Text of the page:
the narration. i loved reading the book. i hated listening to it. it definitely ruined an awesome read.
do yourself a favor and listen to a sample. what were they thinking?
By not being afraid to question the science behind food research and addressing the business of food production, Pollan presents a solid, common sense approach to eating healthy and the state of food in our culture. The narration of this book, however, intoned too much personal opinion, even sarcasm, for non-fiction work. For me, the narrator undermined the integrity of the book which is not at all prevalent in its written form.
Put together the answers I have read a million books to find about health and nutrition.
Good info, good ideas, great research. Pollan is brilliant.
The narrator read this like it was a novel of some sort. He sounded sarcastic and trite at times.
read this now
the criterion of how to shop
getting it read
the part about corn being shoved down our throats
No, Its not that I disagreed with him but...it got very boring and lacking of facts.
Don't think I will, I might ask for a refund for this book.
His style is a bit better for fiction than non fiction.
I'm going to be honest...listening to this book is punishment. The narration makes listening unbearable.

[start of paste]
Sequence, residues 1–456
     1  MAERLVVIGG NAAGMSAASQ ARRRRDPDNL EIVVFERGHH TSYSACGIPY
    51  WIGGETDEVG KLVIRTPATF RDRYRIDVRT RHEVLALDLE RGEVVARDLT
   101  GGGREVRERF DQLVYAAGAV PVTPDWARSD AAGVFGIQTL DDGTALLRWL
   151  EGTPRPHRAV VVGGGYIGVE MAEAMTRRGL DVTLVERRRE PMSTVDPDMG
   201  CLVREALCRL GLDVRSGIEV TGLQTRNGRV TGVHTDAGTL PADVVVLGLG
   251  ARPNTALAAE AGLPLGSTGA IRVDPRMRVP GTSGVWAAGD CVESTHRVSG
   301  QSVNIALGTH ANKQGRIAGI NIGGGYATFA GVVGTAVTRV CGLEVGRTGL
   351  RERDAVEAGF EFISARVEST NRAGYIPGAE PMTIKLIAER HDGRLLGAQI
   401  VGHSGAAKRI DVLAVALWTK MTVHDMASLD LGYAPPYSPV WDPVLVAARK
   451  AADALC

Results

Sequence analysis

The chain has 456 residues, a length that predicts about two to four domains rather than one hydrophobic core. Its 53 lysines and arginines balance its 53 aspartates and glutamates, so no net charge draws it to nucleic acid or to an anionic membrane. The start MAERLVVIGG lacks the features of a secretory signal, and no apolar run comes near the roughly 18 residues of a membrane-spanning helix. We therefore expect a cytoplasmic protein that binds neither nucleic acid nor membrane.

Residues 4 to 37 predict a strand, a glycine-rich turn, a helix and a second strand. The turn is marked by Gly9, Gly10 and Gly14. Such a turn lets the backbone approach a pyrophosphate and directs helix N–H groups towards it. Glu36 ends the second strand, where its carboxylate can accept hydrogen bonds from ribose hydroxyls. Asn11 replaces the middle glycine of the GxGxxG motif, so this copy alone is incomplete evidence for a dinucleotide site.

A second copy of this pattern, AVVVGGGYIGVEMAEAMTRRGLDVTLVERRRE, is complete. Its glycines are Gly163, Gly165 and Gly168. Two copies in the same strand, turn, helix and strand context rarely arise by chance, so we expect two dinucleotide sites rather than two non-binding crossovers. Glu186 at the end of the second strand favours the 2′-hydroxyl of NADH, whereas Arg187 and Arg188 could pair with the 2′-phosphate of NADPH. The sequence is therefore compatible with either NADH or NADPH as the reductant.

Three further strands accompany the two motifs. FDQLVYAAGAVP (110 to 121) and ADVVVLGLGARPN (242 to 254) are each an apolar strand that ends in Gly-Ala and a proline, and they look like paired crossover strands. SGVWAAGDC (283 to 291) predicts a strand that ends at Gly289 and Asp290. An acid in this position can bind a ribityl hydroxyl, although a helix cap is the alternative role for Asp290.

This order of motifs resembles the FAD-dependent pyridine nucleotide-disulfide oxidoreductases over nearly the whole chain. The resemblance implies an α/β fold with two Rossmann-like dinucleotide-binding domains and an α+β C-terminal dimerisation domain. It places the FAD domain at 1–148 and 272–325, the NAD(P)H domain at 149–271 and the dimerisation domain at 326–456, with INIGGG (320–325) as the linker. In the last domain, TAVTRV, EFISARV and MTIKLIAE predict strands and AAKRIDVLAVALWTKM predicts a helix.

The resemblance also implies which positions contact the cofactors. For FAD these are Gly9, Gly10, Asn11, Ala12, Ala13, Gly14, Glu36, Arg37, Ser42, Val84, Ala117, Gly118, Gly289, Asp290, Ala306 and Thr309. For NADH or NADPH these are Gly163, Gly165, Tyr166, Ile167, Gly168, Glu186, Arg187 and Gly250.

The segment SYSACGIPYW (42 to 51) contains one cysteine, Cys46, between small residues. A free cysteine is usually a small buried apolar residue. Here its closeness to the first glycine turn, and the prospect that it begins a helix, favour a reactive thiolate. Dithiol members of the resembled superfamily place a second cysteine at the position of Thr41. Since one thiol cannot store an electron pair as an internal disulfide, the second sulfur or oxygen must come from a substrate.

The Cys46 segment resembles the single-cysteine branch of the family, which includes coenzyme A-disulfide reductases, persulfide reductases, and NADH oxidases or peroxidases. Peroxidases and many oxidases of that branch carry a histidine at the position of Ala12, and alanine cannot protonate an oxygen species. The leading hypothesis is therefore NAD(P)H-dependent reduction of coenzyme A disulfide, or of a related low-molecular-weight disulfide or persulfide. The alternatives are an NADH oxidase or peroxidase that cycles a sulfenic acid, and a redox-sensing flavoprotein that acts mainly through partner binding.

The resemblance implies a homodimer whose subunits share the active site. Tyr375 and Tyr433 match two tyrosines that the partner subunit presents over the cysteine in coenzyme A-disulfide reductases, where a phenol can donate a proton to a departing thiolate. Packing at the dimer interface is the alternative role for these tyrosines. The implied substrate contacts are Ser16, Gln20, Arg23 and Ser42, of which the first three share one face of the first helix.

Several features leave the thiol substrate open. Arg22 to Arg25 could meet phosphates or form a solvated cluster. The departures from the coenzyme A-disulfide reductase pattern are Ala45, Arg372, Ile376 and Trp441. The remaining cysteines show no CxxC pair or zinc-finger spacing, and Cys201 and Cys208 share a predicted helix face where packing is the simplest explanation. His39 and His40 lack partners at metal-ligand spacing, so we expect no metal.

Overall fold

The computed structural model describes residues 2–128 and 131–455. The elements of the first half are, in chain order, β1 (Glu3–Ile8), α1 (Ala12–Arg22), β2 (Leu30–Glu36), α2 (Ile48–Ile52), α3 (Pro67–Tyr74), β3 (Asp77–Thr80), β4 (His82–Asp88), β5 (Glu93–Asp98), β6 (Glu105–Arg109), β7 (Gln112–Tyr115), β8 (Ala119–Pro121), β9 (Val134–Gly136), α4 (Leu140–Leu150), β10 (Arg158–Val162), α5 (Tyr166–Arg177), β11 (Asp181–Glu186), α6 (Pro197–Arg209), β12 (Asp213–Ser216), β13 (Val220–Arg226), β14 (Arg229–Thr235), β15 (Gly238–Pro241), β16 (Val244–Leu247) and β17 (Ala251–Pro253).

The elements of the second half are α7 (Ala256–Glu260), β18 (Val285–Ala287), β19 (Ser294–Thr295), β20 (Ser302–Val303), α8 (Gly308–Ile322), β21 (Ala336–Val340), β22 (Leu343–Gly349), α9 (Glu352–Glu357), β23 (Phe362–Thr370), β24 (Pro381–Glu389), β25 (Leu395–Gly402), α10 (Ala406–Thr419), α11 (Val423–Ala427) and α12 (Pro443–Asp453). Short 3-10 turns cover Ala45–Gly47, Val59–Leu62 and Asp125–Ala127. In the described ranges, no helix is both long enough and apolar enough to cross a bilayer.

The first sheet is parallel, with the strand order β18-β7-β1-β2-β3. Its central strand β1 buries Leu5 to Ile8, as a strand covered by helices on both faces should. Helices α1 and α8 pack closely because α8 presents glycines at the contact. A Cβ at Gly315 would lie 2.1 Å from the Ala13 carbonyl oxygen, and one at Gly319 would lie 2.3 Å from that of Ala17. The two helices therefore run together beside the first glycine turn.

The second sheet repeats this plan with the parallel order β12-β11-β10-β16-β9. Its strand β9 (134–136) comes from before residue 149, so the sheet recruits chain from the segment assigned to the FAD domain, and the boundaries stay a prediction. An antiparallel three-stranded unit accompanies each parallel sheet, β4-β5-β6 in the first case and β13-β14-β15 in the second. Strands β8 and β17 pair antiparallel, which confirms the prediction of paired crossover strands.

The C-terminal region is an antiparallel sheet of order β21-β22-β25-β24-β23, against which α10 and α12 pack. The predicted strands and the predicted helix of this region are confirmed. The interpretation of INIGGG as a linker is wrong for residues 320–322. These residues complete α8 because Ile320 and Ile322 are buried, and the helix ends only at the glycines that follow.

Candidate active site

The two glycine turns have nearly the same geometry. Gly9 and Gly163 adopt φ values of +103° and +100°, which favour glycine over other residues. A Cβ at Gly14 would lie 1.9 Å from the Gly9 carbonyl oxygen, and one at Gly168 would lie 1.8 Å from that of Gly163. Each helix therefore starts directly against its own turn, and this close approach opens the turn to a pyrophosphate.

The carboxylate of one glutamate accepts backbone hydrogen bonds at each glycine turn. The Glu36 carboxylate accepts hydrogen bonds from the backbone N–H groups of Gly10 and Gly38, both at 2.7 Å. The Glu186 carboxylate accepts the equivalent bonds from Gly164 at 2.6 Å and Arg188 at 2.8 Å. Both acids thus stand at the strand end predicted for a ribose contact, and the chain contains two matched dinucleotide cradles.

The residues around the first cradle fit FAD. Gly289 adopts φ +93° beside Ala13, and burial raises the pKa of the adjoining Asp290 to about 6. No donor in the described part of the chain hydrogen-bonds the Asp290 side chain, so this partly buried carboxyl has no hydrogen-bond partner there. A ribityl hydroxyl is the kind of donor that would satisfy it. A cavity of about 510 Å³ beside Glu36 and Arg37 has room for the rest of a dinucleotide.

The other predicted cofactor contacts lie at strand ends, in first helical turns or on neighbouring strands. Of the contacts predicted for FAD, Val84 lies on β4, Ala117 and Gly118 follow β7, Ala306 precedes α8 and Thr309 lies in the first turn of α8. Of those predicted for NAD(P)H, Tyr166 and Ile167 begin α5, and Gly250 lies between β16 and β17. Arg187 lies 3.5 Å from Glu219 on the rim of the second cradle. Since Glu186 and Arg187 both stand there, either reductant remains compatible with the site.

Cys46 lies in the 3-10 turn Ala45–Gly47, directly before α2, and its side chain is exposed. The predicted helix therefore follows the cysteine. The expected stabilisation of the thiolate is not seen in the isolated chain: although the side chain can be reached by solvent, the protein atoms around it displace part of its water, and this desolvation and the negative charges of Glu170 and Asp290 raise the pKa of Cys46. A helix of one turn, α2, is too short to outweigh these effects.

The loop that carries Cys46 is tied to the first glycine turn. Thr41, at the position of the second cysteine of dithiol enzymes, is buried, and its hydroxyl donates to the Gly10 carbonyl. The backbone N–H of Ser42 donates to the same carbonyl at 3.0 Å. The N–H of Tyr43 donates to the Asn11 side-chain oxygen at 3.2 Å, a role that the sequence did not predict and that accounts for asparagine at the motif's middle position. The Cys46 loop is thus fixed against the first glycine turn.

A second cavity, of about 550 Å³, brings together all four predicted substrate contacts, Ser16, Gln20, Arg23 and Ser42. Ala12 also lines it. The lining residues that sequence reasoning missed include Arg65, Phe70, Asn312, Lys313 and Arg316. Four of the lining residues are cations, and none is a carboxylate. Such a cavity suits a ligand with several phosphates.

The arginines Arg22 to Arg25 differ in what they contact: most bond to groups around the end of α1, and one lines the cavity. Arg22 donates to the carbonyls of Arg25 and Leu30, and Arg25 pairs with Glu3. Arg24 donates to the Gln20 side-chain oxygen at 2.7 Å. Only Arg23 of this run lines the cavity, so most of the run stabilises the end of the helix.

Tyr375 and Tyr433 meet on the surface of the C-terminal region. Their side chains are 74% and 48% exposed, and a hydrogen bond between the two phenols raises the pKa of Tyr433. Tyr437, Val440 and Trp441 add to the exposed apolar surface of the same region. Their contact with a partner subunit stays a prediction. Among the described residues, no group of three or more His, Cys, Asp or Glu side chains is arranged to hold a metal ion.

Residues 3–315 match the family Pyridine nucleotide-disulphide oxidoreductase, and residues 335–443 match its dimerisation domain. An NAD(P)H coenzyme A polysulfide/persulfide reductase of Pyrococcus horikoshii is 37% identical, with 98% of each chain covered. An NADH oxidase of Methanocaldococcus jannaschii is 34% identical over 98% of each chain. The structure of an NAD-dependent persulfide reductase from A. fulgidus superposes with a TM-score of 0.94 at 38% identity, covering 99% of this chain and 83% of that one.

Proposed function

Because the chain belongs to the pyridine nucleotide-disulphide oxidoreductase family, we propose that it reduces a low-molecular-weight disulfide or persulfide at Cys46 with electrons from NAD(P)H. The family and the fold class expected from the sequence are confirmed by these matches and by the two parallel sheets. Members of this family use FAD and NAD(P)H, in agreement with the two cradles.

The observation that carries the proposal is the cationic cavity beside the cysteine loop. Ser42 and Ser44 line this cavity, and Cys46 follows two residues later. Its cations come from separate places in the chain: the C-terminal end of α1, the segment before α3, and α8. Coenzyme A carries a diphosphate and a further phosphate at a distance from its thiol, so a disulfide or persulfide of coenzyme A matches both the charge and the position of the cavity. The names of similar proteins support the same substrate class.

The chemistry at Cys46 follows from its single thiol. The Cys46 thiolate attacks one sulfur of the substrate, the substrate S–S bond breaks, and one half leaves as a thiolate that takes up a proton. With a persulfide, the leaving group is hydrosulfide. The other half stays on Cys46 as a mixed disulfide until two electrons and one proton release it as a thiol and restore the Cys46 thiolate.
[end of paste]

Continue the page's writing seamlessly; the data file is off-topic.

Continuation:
The negative approach to this book made it almost unbearable. The book didn't defend a whole food diet but rather took a very confrontational offensive approach to the poor dietary choices we make today.
I like Michael Pollan, but this book was definitely not one of his best.
Good narration-poor story to tell
What a waste of my listening time.
The overall thesis of this book is interesting and in my opinion valid: "Eat food. Not to much. Mostly plants". The underlying point, that both what we eat and how it is produced has changed dramatically over the past forty years, is interesting and generally substantiated.
However, the book was extremely repetitive. The same theme was hit over and over again without going into more detail each time. Overall I found this book was not researched well enough and relied far to much on generalities. Particularly annoying was the unsubstantiated and oft repeated claim that 'traditional diets' are healthier than modern diets. Although this may be true, Pollan provides no evidence for this, nor does he even try to take on the obvious rebuttal that we live far longer today than we ever did on 'traditional diets'.
As I am already sympathetic to the underlying cause, I really hoped this book would be more convincing than it actually was.